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World’s Largest Rattlesnake Roundup: Annual Event Ends Sunday

World’s Largest Rattlesnake Roundup: Annual Event Ends Sunday
Western Diamond-back Rattlesnake at Singapore Zoo _paVan_ / Flickr CC BY 2.0


World’s Largest Rattlesnake Roundup: Annual Event Ends Sunday

Thousands of rattlesnakes are milked for their venom, beheaded and skinned alive each year at the Sweetwater’s World Largest Rattlesnake Roundup.

Tens of thousands of visitors come down to Sweetwater, Texas, to watch Western diamond rattlesnakes milked for their venom, beheaded and skinned in an annual event.

The Sweetwater’s “World’s Largest Rattlesnake Roundup,” led by the city’s Junior Chamber of Commerce, or also referred to as the Jaycees, comes to an end Sunday. The event involves rounding up the snakes, which are milked for their venom then beheaded and skinned. The people are also allowed to skin the animals themselves and leave handprints on the wall.

As reported by the Christian Science Monitor, rounding up and killing the animals is important so their overpopulation can be controlled. The animals have been known to bite dozens of people and kill livestock each year. As many as 7,000 to 8,000 people in the U.S. are bitten each year by snakes rattlesnakes, copperheads, coral snakes and cottonmouths, the Center for Disease Control said. Of these, about six people die.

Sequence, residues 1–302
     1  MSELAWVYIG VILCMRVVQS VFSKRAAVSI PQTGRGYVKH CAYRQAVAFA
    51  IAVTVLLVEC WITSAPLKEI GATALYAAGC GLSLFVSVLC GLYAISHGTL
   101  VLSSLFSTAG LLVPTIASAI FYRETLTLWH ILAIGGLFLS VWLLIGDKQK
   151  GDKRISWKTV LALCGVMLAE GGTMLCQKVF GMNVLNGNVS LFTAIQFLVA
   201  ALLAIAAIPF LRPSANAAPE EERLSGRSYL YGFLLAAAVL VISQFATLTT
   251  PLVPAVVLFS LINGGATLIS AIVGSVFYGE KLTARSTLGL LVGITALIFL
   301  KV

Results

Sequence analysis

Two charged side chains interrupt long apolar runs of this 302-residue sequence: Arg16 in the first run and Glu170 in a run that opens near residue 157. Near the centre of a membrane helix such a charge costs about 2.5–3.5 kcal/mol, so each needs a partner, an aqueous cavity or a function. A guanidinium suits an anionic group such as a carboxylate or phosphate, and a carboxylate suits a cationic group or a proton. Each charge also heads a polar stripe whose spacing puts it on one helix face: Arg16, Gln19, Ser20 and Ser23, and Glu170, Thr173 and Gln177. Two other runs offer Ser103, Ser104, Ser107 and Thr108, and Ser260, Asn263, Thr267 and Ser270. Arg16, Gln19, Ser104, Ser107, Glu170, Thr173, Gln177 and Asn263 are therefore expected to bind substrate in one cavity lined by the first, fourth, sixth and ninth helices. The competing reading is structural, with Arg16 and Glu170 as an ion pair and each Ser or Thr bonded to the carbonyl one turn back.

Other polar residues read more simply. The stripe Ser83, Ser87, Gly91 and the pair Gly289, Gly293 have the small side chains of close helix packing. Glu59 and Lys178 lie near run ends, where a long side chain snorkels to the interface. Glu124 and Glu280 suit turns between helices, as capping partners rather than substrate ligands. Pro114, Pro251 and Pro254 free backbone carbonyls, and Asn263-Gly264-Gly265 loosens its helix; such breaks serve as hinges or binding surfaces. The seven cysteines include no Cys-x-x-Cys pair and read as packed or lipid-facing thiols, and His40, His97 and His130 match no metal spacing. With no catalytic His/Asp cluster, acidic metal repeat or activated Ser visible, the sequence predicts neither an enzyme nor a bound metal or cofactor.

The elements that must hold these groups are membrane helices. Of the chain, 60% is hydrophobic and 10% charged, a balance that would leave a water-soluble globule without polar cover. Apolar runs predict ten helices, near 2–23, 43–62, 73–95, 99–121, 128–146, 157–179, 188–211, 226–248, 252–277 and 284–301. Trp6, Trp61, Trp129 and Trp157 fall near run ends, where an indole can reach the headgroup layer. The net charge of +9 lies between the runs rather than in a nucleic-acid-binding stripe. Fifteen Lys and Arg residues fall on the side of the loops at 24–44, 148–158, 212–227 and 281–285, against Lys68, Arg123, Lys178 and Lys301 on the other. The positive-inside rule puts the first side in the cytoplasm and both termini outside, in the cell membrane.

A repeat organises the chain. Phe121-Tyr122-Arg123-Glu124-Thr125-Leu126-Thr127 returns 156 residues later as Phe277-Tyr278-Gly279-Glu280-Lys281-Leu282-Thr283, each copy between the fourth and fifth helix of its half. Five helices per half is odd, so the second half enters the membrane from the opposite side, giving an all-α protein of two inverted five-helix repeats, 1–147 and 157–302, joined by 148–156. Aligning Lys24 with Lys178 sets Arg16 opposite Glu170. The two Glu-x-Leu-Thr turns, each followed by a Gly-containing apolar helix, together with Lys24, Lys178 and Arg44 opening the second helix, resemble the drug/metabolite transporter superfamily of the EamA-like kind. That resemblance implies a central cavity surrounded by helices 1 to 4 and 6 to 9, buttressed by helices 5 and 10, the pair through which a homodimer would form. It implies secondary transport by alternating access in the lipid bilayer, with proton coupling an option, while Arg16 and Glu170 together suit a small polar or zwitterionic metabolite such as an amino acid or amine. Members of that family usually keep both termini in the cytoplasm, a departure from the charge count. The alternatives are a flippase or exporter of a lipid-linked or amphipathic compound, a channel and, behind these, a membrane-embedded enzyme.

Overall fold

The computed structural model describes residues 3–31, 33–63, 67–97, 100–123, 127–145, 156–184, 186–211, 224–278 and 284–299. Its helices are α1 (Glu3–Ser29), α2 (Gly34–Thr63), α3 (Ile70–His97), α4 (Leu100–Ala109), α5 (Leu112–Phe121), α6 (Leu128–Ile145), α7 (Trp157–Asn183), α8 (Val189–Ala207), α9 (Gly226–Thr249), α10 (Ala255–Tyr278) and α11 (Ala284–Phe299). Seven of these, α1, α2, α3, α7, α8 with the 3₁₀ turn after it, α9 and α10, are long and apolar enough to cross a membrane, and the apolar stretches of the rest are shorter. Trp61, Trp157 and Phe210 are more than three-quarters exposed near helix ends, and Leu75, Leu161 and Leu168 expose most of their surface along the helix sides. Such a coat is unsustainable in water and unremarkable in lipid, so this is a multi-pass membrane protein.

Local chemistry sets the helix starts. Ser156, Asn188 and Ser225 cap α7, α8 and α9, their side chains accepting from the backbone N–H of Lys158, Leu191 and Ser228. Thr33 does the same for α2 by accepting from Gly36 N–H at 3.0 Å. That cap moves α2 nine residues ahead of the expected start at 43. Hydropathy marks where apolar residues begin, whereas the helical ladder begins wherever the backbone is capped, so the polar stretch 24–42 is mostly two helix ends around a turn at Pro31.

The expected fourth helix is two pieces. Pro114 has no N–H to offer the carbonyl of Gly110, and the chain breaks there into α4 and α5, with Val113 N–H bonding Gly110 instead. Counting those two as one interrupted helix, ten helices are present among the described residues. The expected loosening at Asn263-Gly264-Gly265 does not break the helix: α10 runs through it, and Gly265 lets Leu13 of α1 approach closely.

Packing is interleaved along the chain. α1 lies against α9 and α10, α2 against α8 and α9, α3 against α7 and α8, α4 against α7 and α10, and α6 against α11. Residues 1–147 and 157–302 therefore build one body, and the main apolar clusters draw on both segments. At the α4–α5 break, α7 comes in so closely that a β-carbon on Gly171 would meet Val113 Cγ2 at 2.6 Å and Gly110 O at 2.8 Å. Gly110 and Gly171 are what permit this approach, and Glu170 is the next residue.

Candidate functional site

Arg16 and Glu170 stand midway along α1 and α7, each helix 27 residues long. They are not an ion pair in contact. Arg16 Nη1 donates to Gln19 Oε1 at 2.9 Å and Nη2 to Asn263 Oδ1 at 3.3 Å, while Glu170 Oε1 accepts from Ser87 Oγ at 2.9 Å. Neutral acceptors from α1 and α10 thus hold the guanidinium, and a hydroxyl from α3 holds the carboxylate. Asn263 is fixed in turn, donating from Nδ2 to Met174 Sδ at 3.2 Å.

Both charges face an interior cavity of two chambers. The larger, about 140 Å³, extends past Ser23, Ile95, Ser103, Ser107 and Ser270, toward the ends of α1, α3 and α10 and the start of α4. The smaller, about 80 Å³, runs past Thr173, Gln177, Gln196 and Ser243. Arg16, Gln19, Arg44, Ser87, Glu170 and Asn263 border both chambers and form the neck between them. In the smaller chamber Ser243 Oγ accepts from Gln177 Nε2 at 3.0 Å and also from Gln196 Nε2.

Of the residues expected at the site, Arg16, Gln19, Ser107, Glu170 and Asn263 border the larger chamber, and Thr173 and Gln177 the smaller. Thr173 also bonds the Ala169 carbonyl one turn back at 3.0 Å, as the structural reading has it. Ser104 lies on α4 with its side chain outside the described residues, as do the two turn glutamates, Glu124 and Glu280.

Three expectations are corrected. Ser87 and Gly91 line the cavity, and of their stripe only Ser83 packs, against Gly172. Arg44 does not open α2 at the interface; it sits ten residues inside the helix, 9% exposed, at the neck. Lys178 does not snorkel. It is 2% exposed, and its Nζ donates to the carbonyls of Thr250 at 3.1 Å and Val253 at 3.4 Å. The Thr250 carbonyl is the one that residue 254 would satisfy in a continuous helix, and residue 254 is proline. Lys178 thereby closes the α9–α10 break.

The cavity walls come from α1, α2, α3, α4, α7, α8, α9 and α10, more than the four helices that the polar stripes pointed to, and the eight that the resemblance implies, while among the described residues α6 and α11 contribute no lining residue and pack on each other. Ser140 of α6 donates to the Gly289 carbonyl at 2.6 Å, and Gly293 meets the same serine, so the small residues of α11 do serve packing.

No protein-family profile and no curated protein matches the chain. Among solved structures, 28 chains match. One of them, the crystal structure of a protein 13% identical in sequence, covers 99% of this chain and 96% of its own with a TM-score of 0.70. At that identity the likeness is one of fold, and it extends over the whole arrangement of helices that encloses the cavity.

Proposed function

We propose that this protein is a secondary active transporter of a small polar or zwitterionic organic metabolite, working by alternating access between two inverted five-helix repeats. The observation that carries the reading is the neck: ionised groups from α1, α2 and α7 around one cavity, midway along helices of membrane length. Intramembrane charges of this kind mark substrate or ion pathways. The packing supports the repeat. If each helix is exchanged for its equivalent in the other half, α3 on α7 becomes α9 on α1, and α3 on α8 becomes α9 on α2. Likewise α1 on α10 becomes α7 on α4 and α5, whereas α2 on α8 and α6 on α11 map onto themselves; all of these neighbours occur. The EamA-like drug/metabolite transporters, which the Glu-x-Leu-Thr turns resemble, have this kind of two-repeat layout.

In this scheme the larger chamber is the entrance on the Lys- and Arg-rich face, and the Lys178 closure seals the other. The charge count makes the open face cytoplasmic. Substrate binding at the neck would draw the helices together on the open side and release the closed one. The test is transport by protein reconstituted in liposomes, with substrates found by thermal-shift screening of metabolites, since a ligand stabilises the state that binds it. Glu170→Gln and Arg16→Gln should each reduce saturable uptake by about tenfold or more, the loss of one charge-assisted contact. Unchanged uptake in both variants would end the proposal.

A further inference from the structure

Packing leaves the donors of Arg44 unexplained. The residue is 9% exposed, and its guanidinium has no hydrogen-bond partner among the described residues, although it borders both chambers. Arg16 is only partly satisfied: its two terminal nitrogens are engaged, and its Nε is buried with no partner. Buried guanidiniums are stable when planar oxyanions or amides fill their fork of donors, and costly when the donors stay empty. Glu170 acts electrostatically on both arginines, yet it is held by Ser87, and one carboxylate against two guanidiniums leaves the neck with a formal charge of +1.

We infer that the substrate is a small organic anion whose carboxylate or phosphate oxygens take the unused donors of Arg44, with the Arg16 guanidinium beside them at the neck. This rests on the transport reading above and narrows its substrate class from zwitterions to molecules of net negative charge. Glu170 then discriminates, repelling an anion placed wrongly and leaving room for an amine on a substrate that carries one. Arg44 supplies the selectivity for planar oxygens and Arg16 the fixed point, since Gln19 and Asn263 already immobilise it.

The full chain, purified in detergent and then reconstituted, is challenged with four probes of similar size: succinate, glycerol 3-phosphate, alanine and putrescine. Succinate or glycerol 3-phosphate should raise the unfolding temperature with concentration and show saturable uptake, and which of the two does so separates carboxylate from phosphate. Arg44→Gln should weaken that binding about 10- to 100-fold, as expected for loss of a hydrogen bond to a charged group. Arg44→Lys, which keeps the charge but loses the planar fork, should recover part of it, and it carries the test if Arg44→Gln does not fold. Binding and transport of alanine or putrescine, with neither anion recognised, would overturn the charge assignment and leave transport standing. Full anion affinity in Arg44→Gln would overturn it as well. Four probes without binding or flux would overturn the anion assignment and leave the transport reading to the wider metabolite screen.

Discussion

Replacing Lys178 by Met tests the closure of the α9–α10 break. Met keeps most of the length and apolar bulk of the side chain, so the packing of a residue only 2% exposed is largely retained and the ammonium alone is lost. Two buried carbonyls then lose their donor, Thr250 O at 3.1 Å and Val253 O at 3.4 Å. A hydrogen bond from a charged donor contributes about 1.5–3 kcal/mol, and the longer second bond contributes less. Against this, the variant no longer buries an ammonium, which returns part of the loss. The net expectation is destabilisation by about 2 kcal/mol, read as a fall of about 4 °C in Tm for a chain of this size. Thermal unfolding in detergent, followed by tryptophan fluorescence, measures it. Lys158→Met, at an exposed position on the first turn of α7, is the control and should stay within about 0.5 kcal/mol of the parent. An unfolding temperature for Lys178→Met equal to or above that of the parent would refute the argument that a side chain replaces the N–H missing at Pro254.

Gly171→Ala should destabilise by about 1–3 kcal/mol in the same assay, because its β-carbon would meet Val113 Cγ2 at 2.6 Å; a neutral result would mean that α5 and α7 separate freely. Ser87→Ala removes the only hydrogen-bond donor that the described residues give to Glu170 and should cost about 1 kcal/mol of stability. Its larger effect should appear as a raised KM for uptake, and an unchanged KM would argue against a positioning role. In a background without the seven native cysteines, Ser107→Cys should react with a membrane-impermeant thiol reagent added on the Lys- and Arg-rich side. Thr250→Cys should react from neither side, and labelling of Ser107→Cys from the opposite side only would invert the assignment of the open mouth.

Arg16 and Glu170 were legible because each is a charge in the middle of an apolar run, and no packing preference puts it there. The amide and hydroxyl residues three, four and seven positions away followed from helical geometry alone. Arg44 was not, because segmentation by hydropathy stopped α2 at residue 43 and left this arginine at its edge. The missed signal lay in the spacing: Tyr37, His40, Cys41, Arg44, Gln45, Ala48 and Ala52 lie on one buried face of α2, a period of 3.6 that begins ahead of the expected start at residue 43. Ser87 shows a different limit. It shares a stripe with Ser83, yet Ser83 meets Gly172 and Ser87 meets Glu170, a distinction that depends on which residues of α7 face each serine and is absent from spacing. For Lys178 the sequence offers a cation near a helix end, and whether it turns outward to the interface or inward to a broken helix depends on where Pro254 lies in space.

In excess of 25,000 visitors, including snake-hunting teams and foreign tourists, attend the annual event. According to the Midland Reporter-Telegram, the event is “a spaghetti of writhing angry reptiles” which has “a strange dense smell with an evil vomit-like edge to it.”

The skin of the rattlesnakes is sold and their meat is used as food. The venom extracted from the animals is used in research.

David Steen, an amphibian and reptiles biologist at Auburn University, dismisses the “human safety” argument, saying that the threat of rattlesnake bite is only to those who interfere with the snakes, such as drunk people and exterminators, the Washington Post reports.

“If you don’t do any of those things, the risks of getting bitten by a snake are really low,” he said. “What does a snake have to gain by attacking you? It’s not going to try to eat you. If we respect their place in the environment and also respect their space, then I think we can live alongside them with no problem at all.”

Also read: Louisiana Weather: Heavy Rainfall Claims Lives, Parts Of State Under Water

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